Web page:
Saturday, July 16, 2011

The kiwi kid’s ABC by Rebekah Holguin, HarperCollins NZ
ABC books are always popular, especially with grandmothers like me! As I read it, I was imagining how I’ll share it with my 3-year-old grandson, who already knows his ABCs. I think he’ll be most intrigued, firstly with the bright, bold, in-your-face style of the illustrations, and secondly with the distinctly New Zealand flavour. The letters of the alphabet (shown in heavy black print, both small and capital) have either a single or double spread, with the doubles being particularly striking. For A we get aroha, for D we get dolphin, for J we get jandals; also rugby for R, and ukulele for U. The double spread for B gives us bucket, bare feet, beach, ball and bay. The illustrations are done with eye-catching colours and strong black outlines (to my mind, the black outlines look rather retro).
I tried to find out a bit about the author/illustrator but couldn’t detect much, not even on the publisher’s website or her own. This is obviously her first book. Her previous work seems to lean towards fantasy illustration, and she has trained with Weta Workshops. I suspect we may see more of her work, so I hope the publishers update their website. If you’re looking for an ABC book for New Zealanders, this is a good one to try.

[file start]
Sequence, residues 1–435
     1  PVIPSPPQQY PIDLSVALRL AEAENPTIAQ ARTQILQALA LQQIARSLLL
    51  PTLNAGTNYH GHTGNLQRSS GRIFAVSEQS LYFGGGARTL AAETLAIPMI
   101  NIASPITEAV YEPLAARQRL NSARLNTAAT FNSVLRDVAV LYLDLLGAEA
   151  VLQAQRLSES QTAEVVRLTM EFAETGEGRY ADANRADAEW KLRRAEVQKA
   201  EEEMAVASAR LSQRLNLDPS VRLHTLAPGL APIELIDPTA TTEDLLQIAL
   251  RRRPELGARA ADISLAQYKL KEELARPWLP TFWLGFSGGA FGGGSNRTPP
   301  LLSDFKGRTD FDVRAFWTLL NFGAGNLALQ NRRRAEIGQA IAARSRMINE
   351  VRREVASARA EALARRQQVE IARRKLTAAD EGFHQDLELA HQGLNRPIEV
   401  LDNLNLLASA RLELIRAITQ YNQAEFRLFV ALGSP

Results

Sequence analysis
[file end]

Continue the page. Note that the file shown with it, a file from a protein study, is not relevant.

ISBN 978 1 86950 895 1 RRP $16.99 (pb)
Reviewed by Lorraine Orman

100 Things by Masayuki Sebe, Gecko Press
This counting book (by the author/illustrator of Dinosaurs Galore) for ages 3 to 6 is typical of what we’ve come to expect from Gecko Press – bright and funky, eye-catching and very 21st century. On each double spread you will find 100 whatevers – mice, moles, children, cars. As well as exhaustive counting, you will also find other activities such as “Can you find 1 rabbit?” on the sheep page, and “Where is the other cat?” on the children page. The last double spread offers ten subjects arranged in 10s, followed by a page of extra location challenges – “Who lives in this house?” The illustrations are done in simplistic cartoon style, and are very appealing.
This book would be best shared with children who understand the concept of counting to one hundred. It would be a bit too much for children who can only go up to 10 or twenty, so not many 3-year-olds would appreciate it. But I’ll be keeping it safely on my bookshelf for when grandson Lachlan develops his counting skills a bit more – and I’m sure we’ll both have lots of fun with it. It would be a popular buy for preschool centres and kindergartens.
ISBN 978 1 877467 82 0 RRP $19.99 (pb) $32.99 (hb)
Reviewed by Lorraine Orman

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